Valid for Submission
E74.00 is a billable diagnosis code used to specify a medical diagnosis of glycogen storage disease, unspecified. The code E74.00 is valid during the fiscal year 2021 from October 01, 2020 through September 30, 2021 for the submission of HIPAA-covered transactions.
The ICD-10-CM code E74.00 might also be used to specify conditions or terms like dilated cardiomyopathy secondary to glycogen storage disease, dilated cardiomyopathy secondary to metabolic disorder, generalized glycogenosis, glycogen storage disease, periodontitis co-occurrent with genetic disorder , periodontitis co-occurrent with glycogen storage disease, etc.
Unspecified diagnosis codes like E74.00 are acceptable when clinical information is unknown or not available about a particular condition. Although a more specific code is preferable, unspecified codes should be used when such codes most accurately reflect what is known about a patient's condition. Specific diagnosis codes should not be used if not supported by the patient's medical record.
Index to Diseases and Injuries
The Index to Diseases and Injuries is an alphabetical listing of medical terms, with each term mapped to one or more ICD-10 code(s). The following references for the code E74.00 are found in the index:
- - Aglycogenosis - E74.00
The following clinical terms are approximate synonyms or lay terms that might be used to identify the correct diagnosis code:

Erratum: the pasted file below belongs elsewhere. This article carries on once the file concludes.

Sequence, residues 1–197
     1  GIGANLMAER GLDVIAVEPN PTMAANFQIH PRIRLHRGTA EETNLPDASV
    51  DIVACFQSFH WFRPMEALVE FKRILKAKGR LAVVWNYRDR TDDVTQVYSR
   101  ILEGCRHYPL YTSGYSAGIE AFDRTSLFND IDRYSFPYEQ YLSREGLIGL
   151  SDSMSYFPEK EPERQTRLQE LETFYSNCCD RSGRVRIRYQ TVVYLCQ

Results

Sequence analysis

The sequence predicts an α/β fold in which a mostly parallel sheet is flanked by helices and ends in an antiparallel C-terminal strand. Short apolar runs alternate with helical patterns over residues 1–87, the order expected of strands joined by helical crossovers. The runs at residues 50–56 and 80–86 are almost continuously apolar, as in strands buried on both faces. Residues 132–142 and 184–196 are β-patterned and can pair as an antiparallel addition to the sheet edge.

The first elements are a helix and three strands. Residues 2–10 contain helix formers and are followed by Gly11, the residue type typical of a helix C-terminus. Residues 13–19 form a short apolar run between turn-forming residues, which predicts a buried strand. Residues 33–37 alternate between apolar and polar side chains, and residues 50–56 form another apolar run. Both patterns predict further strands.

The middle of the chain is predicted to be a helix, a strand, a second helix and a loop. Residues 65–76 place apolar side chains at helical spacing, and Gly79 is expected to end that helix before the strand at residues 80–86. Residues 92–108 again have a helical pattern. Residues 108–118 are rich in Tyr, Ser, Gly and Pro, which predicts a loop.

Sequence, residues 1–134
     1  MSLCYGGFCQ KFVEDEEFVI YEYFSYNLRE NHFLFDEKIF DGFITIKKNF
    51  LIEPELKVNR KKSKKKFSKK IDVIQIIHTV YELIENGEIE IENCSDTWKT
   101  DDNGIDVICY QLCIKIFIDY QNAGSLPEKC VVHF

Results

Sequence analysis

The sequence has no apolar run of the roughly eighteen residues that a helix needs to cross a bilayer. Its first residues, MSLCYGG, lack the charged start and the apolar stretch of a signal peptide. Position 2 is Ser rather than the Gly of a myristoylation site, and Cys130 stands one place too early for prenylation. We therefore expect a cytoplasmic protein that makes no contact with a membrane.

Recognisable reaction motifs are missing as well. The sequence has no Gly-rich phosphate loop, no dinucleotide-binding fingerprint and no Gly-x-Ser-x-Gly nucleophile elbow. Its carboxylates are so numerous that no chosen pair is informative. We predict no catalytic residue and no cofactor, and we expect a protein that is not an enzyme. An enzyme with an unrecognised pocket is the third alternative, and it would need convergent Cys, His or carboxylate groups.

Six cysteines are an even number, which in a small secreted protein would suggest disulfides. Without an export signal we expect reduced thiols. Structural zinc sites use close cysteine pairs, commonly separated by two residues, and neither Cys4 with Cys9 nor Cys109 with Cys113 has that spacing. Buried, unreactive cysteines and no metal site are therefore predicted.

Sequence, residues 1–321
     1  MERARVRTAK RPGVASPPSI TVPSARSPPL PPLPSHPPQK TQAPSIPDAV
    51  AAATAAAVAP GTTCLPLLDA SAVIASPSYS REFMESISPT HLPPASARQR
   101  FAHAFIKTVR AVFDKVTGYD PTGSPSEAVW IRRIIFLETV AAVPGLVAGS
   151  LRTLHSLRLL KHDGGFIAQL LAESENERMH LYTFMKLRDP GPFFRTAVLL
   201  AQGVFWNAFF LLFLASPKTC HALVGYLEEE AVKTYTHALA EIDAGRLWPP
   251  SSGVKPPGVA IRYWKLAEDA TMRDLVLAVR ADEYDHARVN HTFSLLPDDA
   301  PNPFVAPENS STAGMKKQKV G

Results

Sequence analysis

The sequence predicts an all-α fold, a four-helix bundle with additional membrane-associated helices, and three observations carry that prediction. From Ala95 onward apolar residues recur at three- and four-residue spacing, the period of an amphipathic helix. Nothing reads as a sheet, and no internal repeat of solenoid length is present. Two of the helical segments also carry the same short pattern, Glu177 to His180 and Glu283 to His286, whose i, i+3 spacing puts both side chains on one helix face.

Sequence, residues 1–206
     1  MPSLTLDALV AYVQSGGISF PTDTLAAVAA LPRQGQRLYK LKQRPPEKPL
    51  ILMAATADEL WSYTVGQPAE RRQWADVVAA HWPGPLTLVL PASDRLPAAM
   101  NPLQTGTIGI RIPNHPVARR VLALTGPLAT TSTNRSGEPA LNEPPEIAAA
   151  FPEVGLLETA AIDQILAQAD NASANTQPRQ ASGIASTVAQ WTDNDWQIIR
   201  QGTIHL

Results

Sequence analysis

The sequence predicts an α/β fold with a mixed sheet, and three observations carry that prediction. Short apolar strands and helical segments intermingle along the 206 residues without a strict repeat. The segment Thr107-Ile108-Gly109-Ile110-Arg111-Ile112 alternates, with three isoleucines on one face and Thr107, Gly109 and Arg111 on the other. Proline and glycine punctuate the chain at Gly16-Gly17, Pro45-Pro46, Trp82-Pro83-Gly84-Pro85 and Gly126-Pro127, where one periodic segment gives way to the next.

- Dilated cardiomyopathy secondary to glycogen storage disease
- Dilated cardiomyopathy secondary to metabolic disorder
- Generalized glycogenosis
- Glycogen storage disease
- Periodontitis co-occurrent with genetic disorder
- Periodontitis co-occurrent with glycogen storage disease
- Restrictive cardiomyopathy secondary to glycogen storage disease
- Secondary restrictive cardiomyopathy
- Splenomegaly co-occurrent and due to storage disease
- FANCONI SYNDROME-. a hereditary or acquired form of generalized dysfunction of the proximal kidney tubule without primary involvement of the kidney glomerulus. it is usually characterized by the tubular wasting of nutrients and salts glucose; amino acids; phosphates; and bicarbonates resulting in hypokalemia; acidosis; hypercalciuria; and proteinuria.
- GLYCOGEN STORAGE DISEASE TYPE I-. an autosomal recessive disease in which gene expression of glucose 6 phosphatase is absent resulting in hypoglycemia due to lack of glucose production. accumulation of glycogen in liver and kidney leads to organomegaly particularly massive hepatomegaly. increased concentrations of lactic acid and hyperlipidemia appear in the plasma. clinical gout often appears in early childhood.
- GLYCOGEN STORAGE DISEASE-. a group of inherited metabolic disorders involving the enzymes responsible for the synthesis and degradation of glycogen. in some patients prominent liver involvement is presented. in others more generalized storage of glycogen occurs sometimes with prominent cardiac involvement.
- GLYCOGEN STORAGE DISEASE TYPE II-. an autosomal recessively inherited glycogen storage disease caused by glucan 14 alpha glucosidase deficiency. large amounts of glycogen accumulate in the lysosomes of skeletal muscle muscle skeletal; heart; liver; spinal cord; and brain. three forms have been described: infantile childhood and adult. the infantile form is fatal in infancy and presents with hypotonia and a hypertrophic cardiomyopathy cardiomyopathy hypertrophic. the childhood form usually presents in the second year of life with proximal weakness and respiratory symptoms. the adult form consists of a slowly progressive proximal myopathy. from muscle nerve 1995;3:s61 9; menkes textbook of child neurology 5th ed pp73 4